Theresa May: No Brexit, So I’ll Exit
Yesterday, during my trip to the Scottish Borderlands, Theresa May announced her resignation as Prime Minister of the UK in an uncharacteristically emotional address. May explained that she did “her best” to deliver Brexit, a primary focus during her short tenure, but ultimately failed. The announcement sparked a flurry of activity across the political spectrum, with the opposing Labour Party demanding a General Election to select the next Prime Minister. The First Minister of Scotland, Nicola Sturgeon, supported this request, potentially aligning her party (SNP) with Labour in the event of an election. The only problem: Labour does not support a second referendum on independence in Scotland, a key objective of Sturgeon and the SNP. Furthermore, May’s Conservative Party could avoid a General Election altogether and self-select their next leader, who would take over as Prime Minister. If this seems messy, it is, and I am not sure anyone knows what will ultimately happen at this point.
My tour guide, born and raised in Edinburgh, openly shared his opinions on Brexit and the PM. He did not approve of Theresa May’s leadership and the Conservative Party policies she championed. He shared feelings of disenfranchisement with the political system in the United Kingdom, saying that politicians have been putting party over country for far too long. He emphasized the importance of the democratic selection of leadership, invoking the American electoral system as an example.
Below you will find two photos of newspapers I picked up this morning from the local grocery store. To the left is the Scottish Daily Express, a conservative right-wing publication. To the right is The National, Scotland’s pro-independence and left-wing publication. Notice the difference in the headlines. I will continue to follow developments relating to this leadership change and what it means for the independence movement in Scotland.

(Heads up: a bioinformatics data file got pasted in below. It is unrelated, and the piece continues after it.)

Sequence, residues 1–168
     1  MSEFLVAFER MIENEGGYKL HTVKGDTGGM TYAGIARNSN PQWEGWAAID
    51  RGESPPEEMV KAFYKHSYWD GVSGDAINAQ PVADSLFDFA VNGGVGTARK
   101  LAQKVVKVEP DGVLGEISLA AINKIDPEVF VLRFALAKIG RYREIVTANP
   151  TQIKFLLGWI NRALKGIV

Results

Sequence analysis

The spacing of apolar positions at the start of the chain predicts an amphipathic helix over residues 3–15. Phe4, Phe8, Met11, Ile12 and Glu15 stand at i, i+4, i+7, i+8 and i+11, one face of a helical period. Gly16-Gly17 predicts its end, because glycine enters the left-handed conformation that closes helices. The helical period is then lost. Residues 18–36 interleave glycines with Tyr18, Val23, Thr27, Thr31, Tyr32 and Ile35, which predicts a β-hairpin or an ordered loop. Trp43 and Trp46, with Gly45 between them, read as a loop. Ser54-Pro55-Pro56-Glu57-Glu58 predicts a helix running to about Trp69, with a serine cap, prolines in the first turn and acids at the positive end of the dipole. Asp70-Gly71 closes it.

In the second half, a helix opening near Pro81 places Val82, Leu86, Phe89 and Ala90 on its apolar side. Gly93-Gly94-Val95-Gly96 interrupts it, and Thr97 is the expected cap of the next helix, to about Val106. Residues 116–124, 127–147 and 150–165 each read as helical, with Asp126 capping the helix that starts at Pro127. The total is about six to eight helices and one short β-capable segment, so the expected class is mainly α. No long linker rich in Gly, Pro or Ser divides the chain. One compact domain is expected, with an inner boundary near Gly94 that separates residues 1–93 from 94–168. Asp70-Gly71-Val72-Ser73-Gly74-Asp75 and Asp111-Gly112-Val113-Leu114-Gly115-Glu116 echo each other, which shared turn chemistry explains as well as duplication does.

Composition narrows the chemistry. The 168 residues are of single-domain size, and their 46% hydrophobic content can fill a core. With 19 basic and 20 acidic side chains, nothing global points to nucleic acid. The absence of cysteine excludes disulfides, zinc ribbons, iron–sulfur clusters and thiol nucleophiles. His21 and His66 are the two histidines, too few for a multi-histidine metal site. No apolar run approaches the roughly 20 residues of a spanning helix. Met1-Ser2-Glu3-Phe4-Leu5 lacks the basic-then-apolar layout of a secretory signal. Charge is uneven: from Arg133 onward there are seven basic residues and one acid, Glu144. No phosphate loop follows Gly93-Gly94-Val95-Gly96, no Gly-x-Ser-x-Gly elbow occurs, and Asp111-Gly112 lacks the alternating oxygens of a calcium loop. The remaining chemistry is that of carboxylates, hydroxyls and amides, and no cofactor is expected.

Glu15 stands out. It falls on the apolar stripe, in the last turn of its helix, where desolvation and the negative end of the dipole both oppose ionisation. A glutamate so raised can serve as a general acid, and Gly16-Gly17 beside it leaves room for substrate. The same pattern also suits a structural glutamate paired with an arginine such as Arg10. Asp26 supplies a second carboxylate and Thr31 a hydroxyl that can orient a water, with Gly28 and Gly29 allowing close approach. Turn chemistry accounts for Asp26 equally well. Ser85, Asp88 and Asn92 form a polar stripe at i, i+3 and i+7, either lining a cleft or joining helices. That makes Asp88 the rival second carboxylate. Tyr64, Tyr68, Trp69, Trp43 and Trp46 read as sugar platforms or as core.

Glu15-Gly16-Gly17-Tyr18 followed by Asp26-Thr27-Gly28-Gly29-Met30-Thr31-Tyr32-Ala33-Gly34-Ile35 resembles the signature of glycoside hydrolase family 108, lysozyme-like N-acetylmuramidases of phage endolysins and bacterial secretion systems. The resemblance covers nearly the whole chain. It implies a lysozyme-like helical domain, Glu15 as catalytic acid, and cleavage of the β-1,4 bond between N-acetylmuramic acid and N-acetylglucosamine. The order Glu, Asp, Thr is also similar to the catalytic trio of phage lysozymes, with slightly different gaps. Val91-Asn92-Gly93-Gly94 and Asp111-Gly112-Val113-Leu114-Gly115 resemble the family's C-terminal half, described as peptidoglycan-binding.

As I mentioned, the news of May’s departure broke while I was on my way to the Scottish Borderlands, the region in Scotland just north of the English border. During the trip, I hoped to collect more information on the relationship between the two countries. Ultimately, the tour focused much more on ancient history than modern. As we crossed the border, we stopped at a stone which marked the border between the two countries. As the United Kingdom is “united,” there is absolutely no infrastructure at the border crossing besides the boulder pictured below. Controlling the many access points across the lengthy border would be one of many things the Scottish government would have to consider should it formally separate from the UK, especially if Scotland remained in the EU and the new Scotland-less UK did not.
Shortly after passing across the border into England, I visited Hadrian’s Wall, a 73-mile structure built in AD 122. It demarcated the northern boundary of the Roman Empire’s territory, known as Britannia. The wall was heavily guarded, and a number of Roman fortresses and villages dotted the countryside nearby. I visited Vindolanda, one of these fortresses that is still an active archaeological dig-site to this day. I also visited Jedburgh in rural Scotland and explored the remains of Jedburgh Abbey, a ruined 12th century building, where Alexander III married his French bride Yolande. Below are some pictures from this journey.